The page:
Belize is blessed by the presence of the Belize Barrier Reef, a UNESCO World Heritage Site and the second-largest barrier reef in the world. A complex marine ecosystem that is home to nearly one-quarter of all the marine species in the world’s oceans, understanding the difference between the atolls and the reefs is quite subtle.
Reefs are made from a living animal, the coral, which regularly produces a hard exoskeleton of calcium carbonate, the same substance that composes the shells of mollusks and other kinds of shellfish. Over time, the exuded exoskeleton begins to build up until it appears like an underwater hedgerow or stony “bush” that serves as the home for a multitude of aquatic creatures, including fish, juvenile mammals, sharks, and a wide variety of flora that use the coral for shelter, as a nursery, or as a feeding ground.
It is the entirety of this coral exoskeleton and its attendant marine life that makes up the coral reef. An atoll, however, is a specific kind of coral reef. All atolls are reefs that form around the mouth of an underwater volcano, growing in a circular pattern. Due to the temperature changes and other ejecta from the volcano, atolls are generally lifeless, sometimes referred to as “underwater deserts.” Generally, coral reefs, on the other hand, are the complete opposite – home to some of the densest and most biodiverse collections of marine lifeforms.
Coral reefs can grow anywhere there is a hard foundation like limestone sea floors or sunken ships that are close enough to the surface of the water to allow access to sunlight. Coral reefs grow slowly, taking hundreds, if not thousands of years, to achieve their immense size. Indeed, the Belize Barrier Reef is easily visible from outer space. And marine biologists estimate that some coral reefs are up to a million years old.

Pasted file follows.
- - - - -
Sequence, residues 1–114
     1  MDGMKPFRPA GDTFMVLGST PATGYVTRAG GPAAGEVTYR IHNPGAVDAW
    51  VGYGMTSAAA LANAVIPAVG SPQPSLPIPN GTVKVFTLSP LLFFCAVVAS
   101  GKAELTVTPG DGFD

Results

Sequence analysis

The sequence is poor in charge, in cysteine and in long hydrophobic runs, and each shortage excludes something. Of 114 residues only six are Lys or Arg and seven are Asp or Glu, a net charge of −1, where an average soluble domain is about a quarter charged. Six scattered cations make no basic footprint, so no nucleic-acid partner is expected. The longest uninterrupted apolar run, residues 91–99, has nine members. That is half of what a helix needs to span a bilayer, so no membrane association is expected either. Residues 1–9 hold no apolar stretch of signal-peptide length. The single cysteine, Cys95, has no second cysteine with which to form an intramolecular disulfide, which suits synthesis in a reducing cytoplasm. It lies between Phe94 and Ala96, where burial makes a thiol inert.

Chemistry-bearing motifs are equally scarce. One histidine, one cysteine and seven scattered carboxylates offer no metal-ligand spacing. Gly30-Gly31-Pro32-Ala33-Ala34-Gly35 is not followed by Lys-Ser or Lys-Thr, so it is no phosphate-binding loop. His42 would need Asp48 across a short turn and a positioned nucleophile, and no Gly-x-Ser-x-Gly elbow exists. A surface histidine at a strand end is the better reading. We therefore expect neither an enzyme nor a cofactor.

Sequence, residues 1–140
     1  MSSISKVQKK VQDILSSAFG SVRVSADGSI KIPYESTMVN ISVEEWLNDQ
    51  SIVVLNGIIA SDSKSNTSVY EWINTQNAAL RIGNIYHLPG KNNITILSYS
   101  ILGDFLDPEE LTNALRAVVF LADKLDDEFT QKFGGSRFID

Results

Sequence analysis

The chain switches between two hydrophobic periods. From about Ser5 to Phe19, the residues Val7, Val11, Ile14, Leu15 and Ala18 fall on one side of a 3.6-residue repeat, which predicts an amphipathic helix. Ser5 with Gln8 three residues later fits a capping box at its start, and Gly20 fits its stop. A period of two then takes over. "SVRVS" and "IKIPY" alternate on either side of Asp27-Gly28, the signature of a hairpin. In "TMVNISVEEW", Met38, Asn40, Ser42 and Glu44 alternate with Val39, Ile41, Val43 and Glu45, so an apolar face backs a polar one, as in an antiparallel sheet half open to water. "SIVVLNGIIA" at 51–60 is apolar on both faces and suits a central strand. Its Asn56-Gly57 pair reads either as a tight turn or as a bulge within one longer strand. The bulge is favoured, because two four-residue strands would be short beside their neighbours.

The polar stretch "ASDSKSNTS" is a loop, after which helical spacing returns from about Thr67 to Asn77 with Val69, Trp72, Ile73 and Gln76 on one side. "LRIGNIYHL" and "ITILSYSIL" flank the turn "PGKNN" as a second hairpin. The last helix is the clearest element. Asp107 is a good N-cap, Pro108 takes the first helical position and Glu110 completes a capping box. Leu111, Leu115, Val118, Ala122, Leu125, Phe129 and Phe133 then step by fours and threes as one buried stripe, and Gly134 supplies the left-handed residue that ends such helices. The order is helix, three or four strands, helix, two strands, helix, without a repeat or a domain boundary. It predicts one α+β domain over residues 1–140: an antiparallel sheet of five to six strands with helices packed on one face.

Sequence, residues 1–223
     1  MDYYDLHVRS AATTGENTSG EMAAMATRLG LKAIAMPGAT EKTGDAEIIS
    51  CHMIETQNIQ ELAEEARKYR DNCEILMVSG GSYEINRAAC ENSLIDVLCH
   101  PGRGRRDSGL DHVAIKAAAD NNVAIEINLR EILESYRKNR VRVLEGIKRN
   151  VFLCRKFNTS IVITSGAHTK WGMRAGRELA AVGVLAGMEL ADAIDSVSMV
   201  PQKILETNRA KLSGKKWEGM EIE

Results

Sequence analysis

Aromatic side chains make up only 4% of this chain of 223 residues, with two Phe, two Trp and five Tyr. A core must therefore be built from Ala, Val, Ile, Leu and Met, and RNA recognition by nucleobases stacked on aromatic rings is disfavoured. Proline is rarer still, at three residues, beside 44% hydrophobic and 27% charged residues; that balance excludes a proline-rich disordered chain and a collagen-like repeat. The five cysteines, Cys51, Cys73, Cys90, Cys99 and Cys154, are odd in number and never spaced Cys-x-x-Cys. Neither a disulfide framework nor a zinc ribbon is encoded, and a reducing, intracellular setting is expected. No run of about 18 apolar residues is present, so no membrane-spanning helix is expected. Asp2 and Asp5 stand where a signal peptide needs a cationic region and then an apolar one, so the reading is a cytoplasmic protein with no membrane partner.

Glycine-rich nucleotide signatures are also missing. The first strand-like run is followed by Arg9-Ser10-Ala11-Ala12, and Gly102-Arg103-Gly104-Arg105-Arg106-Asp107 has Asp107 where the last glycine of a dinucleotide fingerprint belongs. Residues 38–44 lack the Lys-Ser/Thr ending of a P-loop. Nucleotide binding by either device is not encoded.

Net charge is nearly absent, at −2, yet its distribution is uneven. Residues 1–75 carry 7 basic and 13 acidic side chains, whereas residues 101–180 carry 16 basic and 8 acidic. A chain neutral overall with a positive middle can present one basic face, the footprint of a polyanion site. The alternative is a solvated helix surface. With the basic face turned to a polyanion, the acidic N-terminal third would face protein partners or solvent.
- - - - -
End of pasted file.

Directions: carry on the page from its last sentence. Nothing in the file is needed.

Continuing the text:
Atolls, predominately found in the Pacific Ocean, are circular in shape, growing as they do around a lagoon created by submarine volcanos. When a volcano erupts, much of the ejected material settles on the sea floor. As these deposits continue, they can create enough material that the solid material rises above the surface of the water to create islands. After the material has cooled, coral reefs can begin growing on this material, eventually covering it completely and forming true atolls.
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